Loving God, bless those who mourn today and keep us all mindful of the things to come.

©2019 Mary Penich – All Rights Reserved

Live In Peace

Beside restful waters God leads me;
God refreshes my soul…

From Psalm 23:2-3

The snow day last week elicited a memory from my long-ago classroom… When I taught, I prided myself in remaining calm in the face of misbehavior. My students’ apparently agreed that this was a good approach to our occasional classroom troubles as their subsequent compliance proved me right. Still, I admit to allowing my anger to get the best of me the morning I heard that a former student had died.

Though he had a good and kind heart, Lee had also been taken in by the allure of the streets more than once. This time, he drove a van that his friends had loaded with stolen bicycles from a nearby suburb. A police chase resulted in the accident which took Lee’s life. In the wake of this news, I heard one of Lee’s classmates bragging that he was in the van during that chase and that he flew out the door and ran away when the van tipped over on its side. Before he could finish his yarn, I called him over. “Who do you think you are?” I wailed. “Lee died last night and you were nowhere near that van. Don’t you dare try to make yourself look cool on the death of my friend!”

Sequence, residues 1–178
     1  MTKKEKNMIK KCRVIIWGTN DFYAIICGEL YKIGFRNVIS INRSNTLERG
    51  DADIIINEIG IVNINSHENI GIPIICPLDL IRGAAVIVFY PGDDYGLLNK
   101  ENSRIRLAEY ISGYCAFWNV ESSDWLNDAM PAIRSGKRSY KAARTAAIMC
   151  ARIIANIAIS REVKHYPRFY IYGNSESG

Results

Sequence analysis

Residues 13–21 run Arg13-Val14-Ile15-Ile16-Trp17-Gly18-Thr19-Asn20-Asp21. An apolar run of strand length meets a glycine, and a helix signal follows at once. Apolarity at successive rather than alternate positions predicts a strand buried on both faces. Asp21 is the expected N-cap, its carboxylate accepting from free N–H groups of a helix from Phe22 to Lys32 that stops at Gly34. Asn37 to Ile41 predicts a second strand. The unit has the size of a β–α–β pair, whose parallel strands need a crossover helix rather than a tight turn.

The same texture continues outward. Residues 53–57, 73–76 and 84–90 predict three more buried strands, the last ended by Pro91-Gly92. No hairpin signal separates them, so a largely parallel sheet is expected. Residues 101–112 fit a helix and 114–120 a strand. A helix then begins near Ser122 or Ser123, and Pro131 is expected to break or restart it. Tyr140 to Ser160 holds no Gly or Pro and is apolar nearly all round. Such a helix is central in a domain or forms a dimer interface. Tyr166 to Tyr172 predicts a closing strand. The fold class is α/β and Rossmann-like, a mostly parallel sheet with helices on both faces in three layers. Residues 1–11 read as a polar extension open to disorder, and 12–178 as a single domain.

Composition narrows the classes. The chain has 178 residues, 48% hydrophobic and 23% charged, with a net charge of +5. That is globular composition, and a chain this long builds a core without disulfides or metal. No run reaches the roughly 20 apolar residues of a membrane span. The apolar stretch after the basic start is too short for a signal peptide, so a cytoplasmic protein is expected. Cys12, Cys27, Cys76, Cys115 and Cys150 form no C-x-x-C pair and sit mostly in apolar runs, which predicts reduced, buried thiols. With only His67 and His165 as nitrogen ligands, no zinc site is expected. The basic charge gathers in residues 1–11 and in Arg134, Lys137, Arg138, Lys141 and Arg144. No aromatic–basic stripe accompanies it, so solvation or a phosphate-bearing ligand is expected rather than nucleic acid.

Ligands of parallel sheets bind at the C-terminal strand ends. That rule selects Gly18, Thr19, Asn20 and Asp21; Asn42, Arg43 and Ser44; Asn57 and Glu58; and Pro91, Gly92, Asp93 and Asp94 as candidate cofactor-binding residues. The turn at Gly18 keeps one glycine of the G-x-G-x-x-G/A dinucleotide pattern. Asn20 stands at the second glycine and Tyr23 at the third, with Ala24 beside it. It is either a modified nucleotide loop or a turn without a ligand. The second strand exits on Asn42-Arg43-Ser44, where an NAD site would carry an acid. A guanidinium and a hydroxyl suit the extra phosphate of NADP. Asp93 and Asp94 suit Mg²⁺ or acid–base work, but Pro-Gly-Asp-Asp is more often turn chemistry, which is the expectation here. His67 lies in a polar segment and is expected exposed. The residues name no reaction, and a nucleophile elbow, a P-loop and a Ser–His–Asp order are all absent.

I didn’t realize the power of my words at the time. Suddenly, one could literally hear a pin drop in the once noisy hallway. While the target of my ire crept into his classroom with his eyes cast to the floor, others who knew Lee stopped to offer their condolences over the friend we had all lost. These kindnesses returned some semblance of peace to each of one of us.

Dear God, while Lee resides in your everlasting peace, bless those he left behind with a taste of the peace he’s found.

©2018 Mary Penich – All Rights Reserved